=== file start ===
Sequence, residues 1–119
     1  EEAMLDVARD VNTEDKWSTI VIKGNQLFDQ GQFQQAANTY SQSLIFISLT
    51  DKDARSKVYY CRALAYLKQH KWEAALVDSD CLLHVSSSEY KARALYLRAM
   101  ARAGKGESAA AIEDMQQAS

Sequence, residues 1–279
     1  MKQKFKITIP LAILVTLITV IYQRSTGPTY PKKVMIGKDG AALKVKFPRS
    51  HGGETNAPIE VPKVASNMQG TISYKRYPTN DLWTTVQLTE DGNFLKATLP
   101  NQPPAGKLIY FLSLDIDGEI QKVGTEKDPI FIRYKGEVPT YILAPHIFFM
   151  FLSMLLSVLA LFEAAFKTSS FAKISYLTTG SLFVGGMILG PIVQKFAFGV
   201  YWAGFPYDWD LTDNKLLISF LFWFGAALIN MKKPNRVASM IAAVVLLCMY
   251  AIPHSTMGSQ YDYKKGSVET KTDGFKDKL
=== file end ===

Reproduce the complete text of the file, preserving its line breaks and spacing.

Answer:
Sequence, residues 1–119
     1  EEAMLDVARD VNTEDKWSTI VIKGNQLFDQ GQFQQAANTY SQSLIFISLT
    51  DKDARSKVYY CRALAYLKQH KWEAALVDSD CLLHVSSSEY KARALYLRAM
   101  ARAGKGESAA AIEDMQQAS

Sequence, residues 1–279
     1  MKQKFKITIP LAILVTLITV IYQRSTGPTY PKKVMIGKDG AALKVKFPRS
    51  HGGETNAPIE VPKVASNMQG TISYKRYPTN DLWTTVQLTE DGNFLKATLP
   101  NQPPAGKLIY FLSLDIDGEI QKVGTEKDPI FIRYKGEVPT YILAPHIFFM
   151  FLSMLLSVLA LFEAAFKTSS FAKISYLTTG SLFVGGMILG PIVQKFAFGV
   201  YWAGFPYDWD LTDNKLLISF LFWFGAALIN MKKPNRVASM IAAVVLLCMY
   251  AIPHSTMGSQ YDYKKGSVET KTDGFKDKL